Wachs, who has fought for revenue guarantees and has criticized the closed-door nature of the negotiations, said he wanted the arena but only if the city could cut a better deal for itself. While acknowledging that the deal has improved during negotiations, there are still “many ways that taxpayers could be left holding the bag,” Wachs said.
He moved to require developers to provide some backup money if city revenues fail to cover taxpayers’ costs. But his motion got only four votes after Council President John Ferraro warned colleagues that such a requirement would be a deal-breaker.
“Vote yes and you kill the project,” Ferraro said just before the council voted on the motion.
Several people close to the negotiations credited Ferraro for the strong vote. He acknowledged afterward that he had lobbied many of his colleagues.
“Downtown is the heart of Los Angeles, and if we let it die, the whole city dies too,” Ferraro said, adding that he believes that the “minimal” risks involved in the deal are “far outweighed” by its potential benefits.
Councilwoman Rita Walters, in whose 9th District the arena would lie, supported the project but objected to parts of it. She expressed dissatisfaction with the degree to which developers were willing to set aside jobs for women and minorities from the surrounding neighborhoods. And she objected to exceptions in the bans against advertising of alcohol, tobacco and firearms.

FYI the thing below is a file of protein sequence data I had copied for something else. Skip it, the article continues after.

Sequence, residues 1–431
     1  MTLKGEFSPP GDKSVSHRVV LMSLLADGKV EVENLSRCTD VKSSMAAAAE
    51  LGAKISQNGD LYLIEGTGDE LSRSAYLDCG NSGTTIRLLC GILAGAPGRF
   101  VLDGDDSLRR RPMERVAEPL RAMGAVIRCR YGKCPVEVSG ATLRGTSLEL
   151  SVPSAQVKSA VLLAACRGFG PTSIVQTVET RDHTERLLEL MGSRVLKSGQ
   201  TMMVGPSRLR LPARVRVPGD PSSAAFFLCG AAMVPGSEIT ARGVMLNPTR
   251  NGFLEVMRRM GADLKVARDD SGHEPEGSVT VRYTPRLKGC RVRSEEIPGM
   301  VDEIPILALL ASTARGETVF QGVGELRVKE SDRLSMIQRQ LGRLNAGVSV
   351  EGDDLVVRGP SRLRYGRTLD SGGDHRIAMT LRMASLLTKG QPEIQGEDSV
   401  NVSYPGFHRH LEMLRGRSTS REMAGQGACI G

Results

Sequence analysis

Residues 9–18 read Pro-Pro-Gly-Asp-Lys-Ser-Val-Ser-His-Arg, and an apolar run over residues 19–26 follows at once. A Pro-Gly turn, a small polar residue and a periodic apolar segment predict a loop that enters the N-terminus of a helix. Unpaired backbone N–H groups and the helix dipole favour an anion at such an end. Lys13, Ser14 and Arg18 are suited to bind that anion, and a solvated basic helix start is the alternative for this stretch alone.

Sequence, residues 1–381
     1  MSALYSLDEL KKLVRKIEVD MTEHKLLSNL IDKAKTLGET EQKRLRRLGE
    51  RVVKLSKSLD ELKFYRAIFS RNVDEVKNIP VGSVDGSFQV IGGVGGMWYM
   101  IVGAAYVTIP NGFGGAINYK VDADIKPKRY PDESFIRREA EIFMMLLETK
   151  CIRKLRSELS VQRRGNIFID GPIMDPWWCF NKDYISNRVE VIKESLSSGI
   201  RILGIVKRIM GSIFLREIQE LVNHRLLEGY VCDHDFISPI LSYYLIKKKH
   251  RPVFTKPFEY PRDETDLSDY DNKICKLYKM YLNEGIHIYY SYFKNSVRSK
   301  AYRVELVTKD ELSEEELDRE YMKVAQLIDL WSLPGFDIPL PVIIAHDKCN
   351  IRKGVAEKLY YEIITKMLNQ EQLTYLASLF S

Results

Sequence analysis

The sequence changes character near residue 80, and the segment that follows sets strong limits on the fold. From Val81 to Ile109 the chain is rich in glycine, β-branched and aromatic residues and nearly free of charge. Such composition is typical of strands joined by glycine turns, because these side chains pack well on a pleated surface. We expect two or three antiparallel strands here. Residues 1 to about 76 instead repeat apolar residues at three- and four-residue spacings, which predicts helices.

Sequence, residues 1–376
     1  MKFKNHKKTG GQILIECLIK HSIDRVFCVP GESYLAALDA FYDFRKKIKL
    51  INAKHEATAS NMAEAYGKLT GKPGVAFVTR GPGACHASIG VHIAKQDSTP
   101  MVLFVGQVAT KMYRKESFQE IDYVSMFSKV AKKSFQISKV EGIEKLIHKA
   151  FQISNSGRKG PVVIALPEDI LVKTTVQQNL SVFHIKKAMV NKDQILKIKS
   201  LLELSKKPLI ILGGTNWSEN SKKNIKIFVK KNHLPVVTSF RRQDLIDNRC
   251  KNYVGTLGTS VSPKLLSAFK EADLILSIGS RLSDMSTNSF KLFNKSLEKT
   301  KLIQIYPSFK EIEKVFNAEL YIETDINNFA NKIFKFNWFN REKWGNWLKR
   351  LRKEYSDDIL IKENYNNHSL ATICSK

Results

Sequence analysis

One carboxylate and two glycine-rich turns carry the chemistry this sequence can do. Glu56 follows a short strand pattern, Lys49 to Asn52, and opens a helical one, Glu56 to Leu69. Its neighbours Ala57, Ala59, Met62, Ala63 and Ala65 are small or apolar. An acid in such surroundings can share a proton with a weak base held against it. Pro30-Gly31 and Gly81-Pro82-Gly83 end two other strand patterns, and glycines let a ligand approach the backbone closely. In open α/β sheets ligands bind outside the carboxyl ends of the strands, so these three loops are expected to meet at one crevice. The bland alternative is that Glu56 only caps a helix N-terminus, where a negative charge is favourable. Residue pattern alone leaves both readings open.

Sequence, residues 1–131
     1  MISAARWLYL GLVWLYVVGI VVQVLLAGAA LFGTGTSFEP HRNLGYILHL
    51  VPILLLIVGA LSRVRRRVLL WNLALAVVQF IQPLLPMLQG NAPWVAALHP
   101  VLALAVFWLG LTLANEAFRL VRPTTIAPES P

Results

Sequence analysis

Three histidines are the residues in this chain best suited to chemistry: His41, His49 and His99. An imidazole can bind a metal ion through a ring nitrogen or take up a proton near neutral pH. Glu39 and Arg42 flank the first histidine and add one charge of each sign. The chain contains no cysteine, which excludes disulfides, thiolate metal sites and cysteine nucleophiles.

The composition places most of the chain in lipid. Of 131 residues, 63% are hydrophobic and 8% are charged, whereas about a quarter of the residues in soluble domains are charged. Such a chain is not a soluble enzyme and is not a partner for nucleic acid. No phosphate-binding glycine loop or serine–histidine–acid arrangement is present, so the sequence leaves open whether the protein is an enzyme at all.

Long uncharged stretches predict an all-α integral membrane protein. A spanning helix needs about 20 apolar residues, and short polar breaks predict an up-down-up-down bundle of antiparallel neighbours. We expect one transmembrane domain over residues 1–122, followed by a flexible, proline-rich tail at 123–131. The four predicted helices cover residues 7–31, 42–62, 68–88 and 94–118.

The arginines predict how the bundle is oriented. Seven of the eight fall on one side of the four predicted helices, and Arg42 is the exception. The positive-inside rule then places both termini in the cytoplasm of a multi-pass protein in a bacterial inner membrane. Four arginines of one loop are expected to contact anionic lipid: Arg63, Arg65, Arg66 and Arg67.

Councilman Mike Hernandez strongly supported the package after winning amendments to foster job-training programs for minorities and to help ensure that replacement homes are found in the same neighborhood for the about 900 people living in the 188 apartments to be razed to make way for the arena.
Inglewood officials said they were not discouraged by the Los Angeles City Council vote. They continue to negotiate with arena representatives, meeting with them as recently as last Friday, and expect to cobble together an agreement in the next two or three weeks.
“The negotiators have said before they are going to work on parallel courses with both cities, negotiate the best deal with each city, lay them side by side and make a choice,” Inglewood City Manager Paul Eckles said.
The Inglewood arena is proposed for 190 acres near Hollywood Park Racetrack and Casino. For $2 million a year, Inglewood would lease the land and turn it over to the developers for $1 a year. They would contribute $35 million to help build the $200-million arena.
Several steps remain before the Los Angeles deal can be finalized, including the writing of a detailed “memorandum of understanding, " expected to come to the council in two to three weeks, and an environmental impact report, which could take two or three months more. Development agreements with the city and its Community Redevelopment Agency also must be executed, and residents must be relocated.
Developers had wanted to break ground by this fall and open the arena in September 1999. But as their mid-October target date to reach agreement with the city came and went, they said they would be hard pressed to meet the proposed opening date.
Times correspondent Deborah Belgum contributed to this story.